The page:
• Head coach Larry Drew is confident.
  • Austin Link of ESPN Insider: “Based off of their regular season shooting prowess, there was only about a 1-in-300 chance of the Magic shooting that poorly from 3-point land so far. Put another way, if Orlando had simply matched its regular season long ball form so far, it would be 42 points better in a series in which its overall scoring margin is only -11 points across all four games to date. If they can turn the shooting around and Howard continues to exert his influence, the Magic can not only get through the first round, but could even challenge the Chicago Bulls in the second. Right now we give the Magic only about 25 percent odds of a comeback, however, so the chances that they’ll get the opportunity to face the Bulls aren’t good.”
  • Jemele Hill of ESPN.com thinks Doc Rivers should replace Stan Van Gundy as head coach of the Orlando Magic: “As good a tactician as Van Gundy is, the Magic play like a team that can’t go any further under his direction. When Orlando traded for Jason Richardson, Hedo Turkoglu and Gilbert Arenas this season, the hope was that the new faces would spark a return run to the NBA Finals, where Orlando lost in five games to the Lakers two years ago. Instead, the Magic have flat-lined. Orlando’s flashes of brilliance have been undermined by even larger stretches of underachievement.”
  • John Hollinger of ESPN Insider: “You’d be excused for thinking Atlanta was the one with the better scoring margin based on the first four games of this series. The Hawks would already be prepping for the second round if not for some bizarre coaching choices in the second quarter of Game 2, thanks to a shockingly good defensive effort against the league’s 10th-best regular-season offense.”
  • Nate Drexler makes an appearance in ESPN.com’s 5-on-5 writer roundup.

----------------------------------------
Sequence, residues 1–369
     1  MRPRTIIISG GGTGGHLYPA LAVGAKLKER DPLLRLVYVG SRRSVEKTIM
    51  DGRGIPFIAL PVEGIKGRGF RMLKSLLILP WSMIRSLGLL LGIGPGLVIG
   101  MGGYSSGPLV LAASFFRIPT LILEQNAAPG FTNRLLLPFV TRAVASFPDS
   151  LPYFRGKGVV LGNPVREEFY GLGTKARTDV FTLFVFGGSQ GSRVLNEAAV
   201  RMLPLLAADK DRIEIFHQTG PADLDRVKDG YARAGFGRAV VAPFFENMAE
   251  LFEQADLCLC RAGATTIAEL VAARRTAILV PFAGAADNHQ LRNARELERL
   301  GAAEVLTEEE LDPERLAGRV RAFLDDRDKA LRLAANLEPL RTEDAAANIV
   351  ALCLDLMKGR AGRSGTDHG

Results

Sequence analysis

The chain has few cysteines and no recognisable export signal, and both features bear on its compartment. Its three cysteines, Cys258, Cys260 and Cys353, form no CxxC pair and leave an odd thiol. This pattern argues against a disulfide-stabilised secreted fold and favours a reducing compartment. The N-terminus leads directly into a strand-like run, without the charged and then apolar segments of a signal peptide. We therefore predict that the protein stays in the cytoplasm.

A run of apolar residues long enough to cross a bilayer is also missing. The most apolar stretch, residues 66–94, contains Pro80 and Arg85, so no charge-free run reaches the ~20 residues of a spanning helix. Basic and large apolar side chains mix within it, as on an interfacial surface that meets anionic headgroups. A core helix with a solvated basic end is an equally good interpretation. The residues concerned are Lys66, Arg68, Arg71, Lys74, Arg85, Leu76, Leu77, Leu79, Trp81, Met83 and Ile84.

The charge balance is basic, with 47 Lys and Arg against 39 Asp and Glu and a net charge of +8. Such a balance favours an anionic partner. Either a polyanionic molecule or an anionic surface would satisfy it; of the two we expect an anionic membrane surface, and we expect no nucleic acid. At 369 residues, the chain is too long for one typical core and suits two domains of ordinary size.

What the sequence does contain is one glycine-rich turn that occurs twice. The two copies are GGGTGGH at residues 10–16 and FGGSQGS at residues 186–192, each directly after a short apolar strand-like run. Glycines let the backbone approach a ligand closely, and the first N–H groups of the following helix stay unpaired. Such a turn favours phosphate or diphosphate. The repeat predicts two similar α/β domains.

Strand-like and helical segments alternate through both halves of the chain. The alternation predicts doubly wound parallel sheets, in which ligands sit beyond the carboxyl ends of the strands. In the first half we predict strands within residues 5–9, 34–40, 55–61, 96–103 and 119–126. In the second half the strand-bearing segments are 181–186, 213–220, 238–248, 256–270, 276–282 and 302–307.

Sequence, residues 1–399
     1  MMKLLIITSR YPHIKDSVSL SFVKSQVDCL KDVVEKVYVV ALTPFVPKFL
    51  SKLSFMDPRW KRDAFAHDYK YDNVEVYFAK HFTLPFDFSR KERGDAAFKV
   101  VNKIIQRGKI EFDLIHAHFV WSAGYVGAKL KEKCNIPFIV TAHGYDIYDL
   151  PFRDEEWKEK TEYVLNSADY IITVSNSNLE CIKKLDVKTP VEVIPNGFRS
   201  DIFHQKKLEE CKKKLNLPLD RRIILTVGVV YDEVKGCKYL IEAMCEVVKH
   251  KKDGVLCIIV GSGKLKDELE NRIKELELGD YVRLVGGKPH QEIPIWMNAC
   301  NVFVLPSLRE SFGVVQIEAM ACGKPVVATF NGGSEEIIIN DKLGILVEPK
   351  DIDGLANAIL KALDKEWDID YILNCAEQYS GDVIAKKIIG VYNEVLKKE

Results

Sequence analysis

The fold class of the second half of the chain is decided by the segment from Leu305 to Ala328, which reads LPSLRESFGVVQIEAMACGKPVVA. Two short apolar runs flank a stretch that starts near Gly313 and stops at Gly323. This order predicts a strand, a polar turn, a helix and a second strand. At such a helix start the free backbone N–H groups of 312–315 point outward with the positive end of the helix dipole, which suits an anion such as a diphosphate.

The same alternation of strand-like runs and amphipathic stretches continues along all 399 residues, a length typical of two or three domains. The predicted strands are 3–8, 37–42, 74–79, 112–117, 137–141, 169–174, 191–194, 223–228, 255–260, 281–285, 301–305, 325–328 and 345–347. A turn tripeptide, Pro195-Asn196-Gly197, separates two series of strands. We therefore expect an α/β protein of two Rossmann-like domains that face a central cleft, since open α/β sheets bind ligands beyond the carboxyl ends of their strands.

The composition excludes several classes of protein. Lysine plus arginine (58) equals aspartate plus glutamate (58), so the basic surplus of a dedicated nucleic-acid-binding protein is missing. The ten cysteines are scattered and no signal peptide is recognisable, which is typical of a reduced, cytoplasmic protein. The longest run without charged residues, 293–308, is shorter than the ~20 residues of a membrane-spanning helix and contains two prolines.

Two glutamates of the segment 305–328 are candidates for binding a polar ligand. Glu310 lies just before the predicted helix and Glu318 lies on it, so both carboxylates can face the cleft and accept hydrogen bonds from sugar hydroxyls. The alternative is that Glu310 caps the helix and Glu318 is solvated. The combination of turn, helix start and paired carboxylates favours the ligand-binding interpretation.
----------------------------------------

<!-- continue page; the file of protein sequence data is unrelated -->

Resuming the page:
• The Magic and San Antonio Spurs share a lot of similar philosophies on both ends of the floor, which has allowed both franchises to be successful, but they’re close to reaching the end of the road in the 2011 NBA Playoffs much earlier than expected.

Apr 26

Preview: Atlanta Hawks at Orlando Magic, Game 5

7:30 EDT | NBA TV
44-38 @ 52-30
Pythagorean Record: 39-43 Pythagorean Record: 56-26
Pace: 89.3 (27th) Pace: 91.4 (17th)
Offensive Rating: 106.1 (20th) Offensive Rating: 107.7 (14th)
Defensive Rating: 107.0 (13th) Defensive Rating: 101.8 (3rd)
Amway Center | Hawks lead series 3-1

Apr 26

Will this Gilbert Arenas show up in Game 5?

Apr 26

Sneak Preview: Atlanta Hawks at Orlando Magic, Game 5

AP Photo/John Bazemore

  • Zach McCann of the Orlando Sentinel: “At some point Jamal Crawford has to cool off, right? The Atlanta Hawks shooting guard has torched the Orlando Magic in the first four games of this playoff series, averaging 24 points and shooting 56.5 percent from three-point range. In a series defined by ugly offense and hard-nosed defense, Crawford’s finesse and efficiency shooting the basketball have stood out. And the frustrating part for the Magic is they’re keeping a defender nearby and in his face — he’s just connecting on the jumpers, anyway. [...] Crawford’s remarkable consistency — he’s scored 25, 23, 25 and 23 points in the four games — has carried the Hawks. The Magic assumed the law of averages might help limit Crawford, but that hasn’t worked. His shooting percentage (47.1 in the playoffs compared to 42.1 in the regular season), three-point percentage (56.5 to 34.1) and points per game (24 to 14.2) are far above his usual performance. He’s not going to just start missing on his own, as the Magic may have hoped. So on Monday at practice, the Magic focused on stopping Crawford (and Joe Johnson, who’s averaging 20 points per game this series).”
  • Josh Robbins of the Orlando Sentinel: “The doors to Amway Center’s practice court opened around 3:45 Monday afternoon, and visitors looking to interview coach Stan Van Gundy witnessed something that’s been absent this postseason. Orlando Magic players made shots. Lots of them. Ryan Anderson, Chris Duhon, J.J. Redick and, later, Brandon Bass attempted shot after shot after shot — and made most of them. Staccato bursts of the sport’s prettiest sound filled the air. Basketballs fell through hoops and touched only the nets. Swish! Swish! Swish! The Magic need to duplicate that success when they host the Atlanta Hawks tonight in Game 5 of their playoff series. Trailing three games to one, Orlando must win to avoid elimination. [...] In Sunday’s Game 4 loss, the Magic went 2-for-23 from 3-point range. Van Gundy and his assistant coaches analyzed those attempts, and they found that if they excluded tries that came at the end of a quarter or just as the shotclock expired or were simply bad shots, the Magic went 2-for-15 from beyond the arc. Of those 15, eight were wide-open. The Magic made just one of those eight wide-open attempts.”